Aldro­van­di was convin­ced that a com­plete and well-orga­ni­zed col­lec­tion of ani­mals, plants and mine­rals, com­po­sed of real spe­ci­mens or pic­tures, was indis­pen­sable for his research and tea­ching acti­vi­ties at the uni­ver­si­ty. Using a research method based main­ly on the use of “one’s bodi­ly eyes” in order to cor­rect the “thou­sands of errors” that, until then, had mar­red know­ledge of plants, ani­mals and mine­rals, Aldro­van­di gave illus­tra­tions and spe­ci­mens a cen­tral role in stu­dies in this field. Their pur­pose was to show “the things of nature” in their enti­re­ty and in opti­mum condi­tion, thus len­ding full scien­ti­fic vali­di­ty to the arte­facts exhi­bi­ted at the museum. These figures, exe­cu­ted in tem­pe­ra or water­co­lour by a num­ber of artists, inclu­ding Jaco­po Ligoz­zi, Gio­van­ni Neri and Cor­ne­lio Schwindt, enabled Aldro­van­di to see nature in its enti­re­ty. Repro­du­ced as wood­cuts in the volumes of Sto­ria Natu­rale (thanks pri­ma­ri­ly to the work of the engra­ver Cris­to­fo­ro Corio­la­no), these images made it pos­sible “to show” the spe­ci­mens to all rea­ders and thus illus­trate in a com­plete man­ner what was des­cri­bed in the text.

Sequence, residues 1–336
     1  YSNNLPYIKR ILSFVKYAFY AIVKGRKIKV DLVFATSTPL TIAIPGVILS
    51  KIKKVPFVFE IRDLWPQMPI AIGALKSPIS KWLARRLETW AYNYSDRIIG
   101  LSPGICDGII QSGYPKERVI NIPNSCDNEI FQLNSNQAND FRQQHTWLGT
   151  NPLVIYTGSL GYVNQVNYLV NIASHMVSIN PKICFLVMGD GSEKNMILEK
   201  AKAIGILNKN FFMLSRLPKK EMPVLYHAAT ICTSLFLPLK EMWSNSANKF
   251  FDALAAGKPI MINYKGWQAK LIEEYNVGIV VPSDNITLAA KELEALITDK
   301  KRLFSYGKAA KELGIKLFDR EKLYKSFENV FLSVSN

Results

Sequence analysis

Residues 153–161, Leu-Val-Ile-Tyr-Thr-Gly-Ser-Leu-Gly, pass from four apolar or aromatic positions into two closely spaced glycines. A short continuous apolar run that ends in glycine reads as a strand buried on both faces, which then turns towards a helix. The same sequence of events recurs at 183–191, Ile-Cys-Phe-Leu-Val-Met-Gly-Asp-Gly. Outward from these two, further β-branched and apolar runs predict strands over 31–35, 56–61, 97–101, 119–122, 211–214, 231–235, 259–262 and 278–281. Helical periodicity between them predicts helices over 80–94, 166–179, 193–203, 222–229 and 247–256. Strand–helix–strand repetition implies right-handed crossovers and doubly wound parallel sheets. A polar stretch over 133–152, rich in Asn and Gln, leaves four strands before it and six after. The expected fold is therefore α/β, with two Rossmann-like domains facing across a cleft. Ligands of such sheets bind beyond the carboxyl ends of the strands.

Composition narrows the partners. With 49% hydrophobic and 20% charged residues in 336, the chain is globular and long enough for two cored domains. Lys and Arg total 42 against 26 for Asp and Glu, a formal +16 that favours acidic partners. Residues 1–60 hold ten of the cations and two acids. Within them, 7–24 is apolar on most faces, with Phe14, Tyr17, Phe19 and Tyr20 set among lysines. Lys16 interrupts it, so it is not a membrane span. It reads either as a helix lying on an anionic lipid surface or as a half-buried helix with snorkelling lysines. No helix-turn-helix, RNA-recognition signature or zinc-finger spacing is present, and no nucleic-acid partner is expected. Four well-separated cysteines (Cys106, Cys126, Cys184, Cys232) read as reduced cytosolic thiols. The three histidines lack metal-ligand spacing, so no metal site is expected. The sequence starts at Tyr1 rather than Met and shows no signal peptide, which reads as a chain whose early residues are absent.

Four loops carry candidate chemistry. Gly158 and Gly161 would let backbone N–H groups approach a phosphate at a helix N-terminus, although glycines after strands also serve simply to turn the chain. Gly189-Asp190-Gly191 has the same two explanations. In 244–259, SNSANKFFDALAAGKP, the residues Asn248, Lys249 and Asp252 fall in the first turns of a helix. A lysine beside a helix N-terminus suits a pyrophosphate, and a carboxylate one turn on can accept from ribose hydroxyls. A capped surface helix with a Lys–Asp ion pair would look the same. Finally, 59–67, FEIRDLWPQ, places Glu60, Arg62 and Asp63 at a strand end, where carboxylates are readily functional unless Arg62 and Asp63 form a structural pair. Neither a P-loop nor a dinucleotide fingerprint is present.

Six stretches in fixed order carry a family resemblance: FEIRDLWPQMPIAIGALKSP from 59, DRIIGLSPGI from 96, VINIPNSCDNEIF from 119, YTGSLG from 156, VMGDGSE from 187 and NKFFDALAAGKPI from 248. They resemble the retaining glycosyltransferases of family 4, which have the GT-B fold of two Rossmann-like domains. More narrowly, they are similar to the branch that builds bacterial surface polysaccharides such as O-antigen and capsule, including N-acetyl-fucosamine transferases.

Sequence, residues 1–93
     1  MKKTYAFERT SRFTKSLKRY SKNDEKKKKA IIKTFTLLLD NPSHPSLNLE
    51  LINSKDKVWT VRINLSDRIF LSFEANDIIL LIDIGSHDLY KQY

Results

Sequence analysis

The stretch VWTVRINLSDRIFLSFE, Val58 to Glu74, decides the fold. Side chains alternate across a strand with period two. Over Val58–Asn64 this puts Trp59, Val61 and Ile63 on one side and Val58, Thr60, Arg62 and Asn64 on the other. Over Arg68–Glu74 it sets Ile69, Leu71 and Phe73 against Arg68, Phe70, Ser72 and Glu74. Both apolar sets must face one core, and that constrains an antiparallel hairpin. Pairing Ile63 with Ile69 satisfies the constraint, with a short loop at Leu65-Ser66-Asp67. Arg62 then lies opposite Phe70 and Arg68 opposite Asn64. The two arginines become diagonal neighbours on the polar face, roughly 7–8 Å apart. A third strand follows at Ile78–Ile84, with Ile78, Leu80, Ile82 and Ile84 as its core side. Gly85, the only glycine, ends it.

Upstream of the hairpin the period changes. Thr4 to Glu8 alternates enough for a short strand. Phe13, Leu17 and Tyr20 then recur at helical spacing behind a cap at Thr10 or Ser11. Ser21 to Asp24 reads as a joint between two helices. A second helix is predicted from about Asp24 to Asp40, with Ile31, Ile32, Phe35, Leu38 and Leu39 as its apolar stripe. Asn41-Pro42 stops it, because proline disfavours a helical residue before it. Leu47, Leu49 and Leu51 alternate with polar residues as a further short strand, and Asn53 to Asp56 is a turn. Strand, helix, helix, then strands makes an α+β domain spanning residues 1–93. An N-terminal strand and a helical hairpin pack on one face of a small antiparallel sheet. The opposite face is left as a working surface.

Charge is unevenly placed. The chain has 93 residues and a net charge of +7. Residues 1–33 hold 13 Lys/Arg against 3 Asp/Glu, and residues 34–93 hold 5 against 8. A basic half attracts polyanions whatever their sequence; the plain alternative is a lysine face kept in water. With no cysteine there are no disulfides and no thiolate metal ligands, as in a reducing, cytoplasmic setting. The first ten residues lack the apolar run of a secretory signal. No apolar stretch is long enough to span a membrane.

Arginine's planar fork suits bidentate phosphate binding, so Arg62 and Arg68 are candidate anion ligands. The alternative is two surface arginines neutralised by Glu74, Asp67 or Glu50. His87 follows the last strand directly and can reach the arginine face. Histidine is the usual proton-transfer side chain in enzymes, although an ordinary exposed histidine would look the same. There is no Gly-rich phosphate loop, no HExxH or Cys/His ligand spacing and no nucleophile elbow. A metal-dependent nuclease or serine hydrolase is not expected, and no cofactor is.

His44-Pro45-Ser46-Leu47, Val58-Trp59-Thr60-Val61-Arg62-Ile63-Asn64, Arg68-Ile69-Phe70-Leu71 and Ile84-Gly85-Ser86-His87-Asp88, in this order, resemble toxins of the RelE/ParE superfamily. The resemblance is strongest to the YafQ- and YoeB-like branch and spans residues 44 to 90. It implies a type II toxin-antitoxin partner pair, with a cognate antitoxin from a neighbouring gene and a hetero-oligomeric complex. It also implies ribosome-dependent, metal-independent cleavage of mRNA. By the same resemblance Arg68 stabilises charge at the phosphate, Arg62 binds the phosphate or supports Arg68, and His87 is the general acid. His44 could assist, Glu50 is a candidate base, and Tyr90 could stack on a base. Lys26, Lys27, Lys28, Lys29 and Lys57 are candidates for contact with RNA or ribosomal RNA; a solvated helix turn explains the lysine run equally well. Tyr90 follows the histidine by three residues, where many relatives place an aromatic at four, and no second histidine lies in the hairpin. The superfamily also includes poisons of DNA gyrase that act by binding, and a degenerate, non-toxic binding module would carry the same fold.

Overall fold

In his will, Aldro­van­di bequea­thed the museum and the entire scien­ti­fic col­lec­tion that he had accu­mu­la­ted throu­ghout his life to the Bolo­gna Senate, so that after his death all his work would be “use­ful and honou­rable to the city”. His bequest bears fur­ther wit­ness to the public dimen­sion that he had constant­ly given to his scien­ti­fic acti­vi­ty. This public cha­rac­ter was inherent in the collection’s mis­sion “to aid and bene­fit man” and in the approach Aldro­van­di used to build and deve­lop it with the sup­port and col­la­bo­ra­tion of nume­rous scho­lars all over Europe.

In 1617 the museum was thus set up in six rooms at the Palaz­zo Pub­bli­co (now City Hall), where it remai­ned until 1742, when it was moved to the Ins­ti­tu­to delle Scienze in Palaz­zo Pog­gi. Most of the col­lec­tion was dis­mant­led in the 19th cen­tu­ry and dis­tri­bu­ted both to local and far away museums and libra­ries; part of the col­lec­tion was reas­sem­bled at its cur­rent venue in 1907.

 

Pour voir les pho­tos des vitrines du musée Aldro­van­di, dont cer­taines sont publiées avec l'aimable auto­ri­sa­tion du musée, on peut visi­ter notre gale­rie .

Site de réfé­rence : http://www.museopalazzopoggi.unibo.it
Wal­ter Tega (ed.), Guide to the Museo di Palaz­zo Pog­gi. Science and art,Bolo­gna, Edi­trice Com­po­si­to­ri, 2001.